Renal Impairment Hikes Enoxaparin-Related Bleeding Risk

Patients with moderate renal impairment are at increased risk of major bleeding resulting from enoxaparin treatment compared with patients who have normal kidney function, a study found.

Reliance on renal function for excretion of the anticoagulant may lead to its accumulation in patients with moderate renal impairment, but there is no dose adjustment recommended for these patients, the researchers pointed out.

Douglas D. DeCarolis, PharmD, of the Minneapolis Veterans Affairs Health Care System, and colleagues studied 164 patients treated with enoxaparin 1 mg/kg every 12 hours or 1.5 mg/kg once daily. They defined moderate renal impairment as a creatinine clearance (CrCl) of 30-50 mL/min and normal renal function as CrCl greater than 80 mL/min. The primary outcome was major bleeding, defined as any bleeding resulting in death, hospital admission, prolonged hospital stay, or an emergency department visit.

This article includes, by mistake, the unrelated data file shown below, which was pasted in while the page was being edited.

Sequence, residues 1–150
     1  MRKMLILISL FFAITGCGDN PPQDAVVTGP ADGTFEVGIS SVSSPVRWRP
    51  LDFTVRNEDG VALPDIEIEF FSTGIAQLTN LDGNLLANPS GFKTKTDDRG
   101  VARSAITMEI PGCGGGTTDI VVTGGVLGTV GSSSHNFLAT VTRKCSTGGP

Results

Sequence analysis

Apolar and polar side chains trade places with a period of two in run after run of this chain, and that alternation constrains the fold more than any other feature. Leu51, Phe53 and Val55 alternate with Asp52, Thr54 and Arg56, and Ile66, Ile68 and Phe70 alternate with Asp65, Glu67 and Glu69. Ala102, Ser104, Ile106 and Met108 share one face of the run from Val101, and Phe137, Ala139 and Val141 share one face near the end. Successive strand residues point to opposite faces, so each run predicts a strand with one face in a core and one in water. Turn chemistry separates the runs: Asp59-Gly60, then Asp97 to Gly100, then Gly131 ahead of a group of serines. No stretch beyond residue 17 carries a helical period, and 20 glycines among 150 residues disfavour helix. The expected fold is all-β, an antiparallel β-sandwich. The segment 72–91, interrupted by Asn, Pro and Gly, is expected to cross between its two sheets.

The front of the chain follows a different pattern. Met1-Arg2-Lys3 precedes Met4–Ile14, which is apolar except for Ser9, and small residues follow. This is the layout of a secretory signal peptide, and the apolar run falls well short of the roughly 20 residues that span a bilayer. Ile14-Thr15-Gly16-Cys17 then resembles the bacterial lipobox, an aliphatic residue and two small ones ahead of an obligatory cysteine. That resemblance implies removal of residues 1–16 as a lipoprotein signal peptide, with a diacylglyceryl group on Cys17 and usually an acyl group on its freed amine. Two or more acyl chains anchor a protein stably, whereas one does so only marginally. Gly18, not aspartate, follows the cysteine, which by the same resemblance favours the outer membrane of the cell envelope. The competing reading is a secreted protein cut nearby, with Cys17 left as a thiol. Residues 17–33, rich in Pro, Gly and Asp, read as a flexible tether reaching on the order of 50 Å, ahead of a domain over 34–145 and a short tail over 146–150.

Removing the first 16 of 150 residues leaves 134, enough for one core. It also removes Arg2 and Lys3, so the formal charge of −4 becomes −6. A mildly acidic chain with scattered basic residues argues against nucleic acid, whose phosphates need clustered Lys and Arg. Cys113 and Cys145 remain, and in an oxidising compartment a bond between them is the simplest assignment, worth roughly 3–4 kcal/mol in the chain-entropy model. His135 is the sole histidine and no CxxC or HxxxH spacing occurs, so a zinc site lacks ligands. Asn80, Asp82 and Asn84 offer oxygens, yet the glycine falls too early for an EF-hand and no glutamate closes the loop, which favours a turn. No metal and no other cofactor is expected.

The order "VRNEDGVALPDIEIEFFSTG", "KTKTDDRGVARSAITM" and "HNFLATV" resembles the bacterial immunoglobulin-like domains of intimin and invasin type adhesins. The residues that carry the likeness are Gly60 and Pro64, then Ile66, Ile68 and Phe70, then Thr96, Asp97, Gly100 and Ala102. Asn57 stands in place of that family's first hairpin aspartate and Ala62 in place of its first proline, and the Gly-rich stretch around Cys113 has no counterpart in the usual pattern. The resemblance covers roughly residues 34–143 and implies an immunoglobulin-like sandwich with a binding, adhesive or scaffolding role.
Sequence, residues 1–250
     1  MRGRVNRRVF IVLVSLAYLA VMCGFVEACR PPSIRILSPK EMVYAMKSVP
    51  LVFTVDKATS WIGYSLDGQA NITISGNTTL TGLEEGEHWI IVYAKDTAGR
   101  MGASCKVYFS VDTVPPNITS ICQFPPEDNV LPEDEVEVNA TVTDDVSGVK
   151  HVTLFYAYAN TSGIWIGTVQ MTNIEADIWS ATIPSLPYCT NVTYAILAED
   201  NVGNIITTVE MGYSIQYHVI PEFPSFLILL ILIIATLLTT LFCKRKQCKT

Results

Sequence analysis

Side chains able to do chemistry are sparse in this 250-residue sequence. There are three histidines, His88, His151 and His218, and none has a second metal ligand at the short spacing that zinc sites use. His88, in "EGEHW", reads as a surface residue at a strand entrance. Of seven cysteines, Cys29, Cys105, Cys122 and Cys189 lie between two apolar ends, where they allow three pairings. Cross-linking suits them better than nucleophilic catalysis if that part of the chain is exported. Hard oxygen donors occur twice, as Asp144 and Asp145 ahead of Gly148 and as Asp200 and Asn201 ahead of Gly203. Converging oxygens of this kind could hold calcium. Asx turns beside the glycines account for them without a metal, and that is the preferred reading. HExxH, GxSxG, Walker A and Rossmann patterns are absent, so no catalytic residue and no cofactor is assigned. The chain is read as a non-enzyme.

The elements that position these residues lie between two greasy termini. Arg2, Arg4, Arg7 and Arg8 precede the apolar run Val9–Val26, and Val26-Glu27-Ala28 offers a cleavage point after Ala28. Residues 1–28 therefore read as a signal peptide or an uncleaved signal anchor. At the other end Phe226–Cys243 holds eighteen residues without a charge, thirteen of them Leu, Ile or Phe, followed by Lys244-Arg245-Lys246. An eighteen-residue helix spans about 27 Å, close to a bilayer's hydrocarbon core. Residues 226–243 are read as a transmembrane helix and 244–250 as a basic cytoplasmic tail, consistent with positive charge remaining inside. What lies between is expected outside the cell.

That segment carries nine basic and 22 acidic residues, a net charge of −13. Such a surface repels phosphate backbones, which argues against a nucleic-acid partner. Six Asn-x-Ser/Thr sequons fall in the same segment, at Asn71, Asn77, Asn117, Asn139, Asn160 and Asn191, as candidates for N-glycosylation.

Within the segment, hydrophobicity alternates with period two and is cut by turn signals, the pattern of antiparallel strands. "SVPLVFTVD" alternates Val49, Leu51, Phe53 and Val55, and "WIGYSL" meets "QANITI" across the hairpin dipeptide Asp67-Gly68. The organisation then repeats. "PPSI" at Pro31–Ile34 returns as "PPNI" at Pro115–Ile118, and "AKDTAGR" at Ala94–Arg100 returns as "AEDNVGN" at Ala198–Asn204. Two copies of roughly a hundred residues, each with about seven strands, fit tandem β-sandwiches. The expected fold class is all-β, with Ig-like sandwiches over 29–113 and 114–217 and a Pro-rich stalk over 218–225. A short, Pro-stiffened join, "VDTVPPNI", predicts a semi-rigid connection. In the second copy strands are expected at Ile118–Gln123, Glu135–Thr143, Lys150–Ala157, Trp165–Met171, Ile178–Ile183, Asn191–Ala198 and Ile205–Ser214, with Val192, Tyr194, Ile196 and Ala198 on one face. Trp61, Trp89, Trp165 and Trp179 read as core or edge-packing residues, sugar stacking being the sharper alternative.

The primary outcome occurred in six (5.7%) of the 105 patients with normal kidney function and 13 (22%) of the 59 who had moderate renal impairment, Dr. DeCarolis's group reported in JAMA Internal Medicine (2012;172:1713-1718). In adjusted analyses, moderate renal impairment was associated with a nearly fourfold increased risk of major bleeding.

Neither group experienced recurrent thromboembolism.

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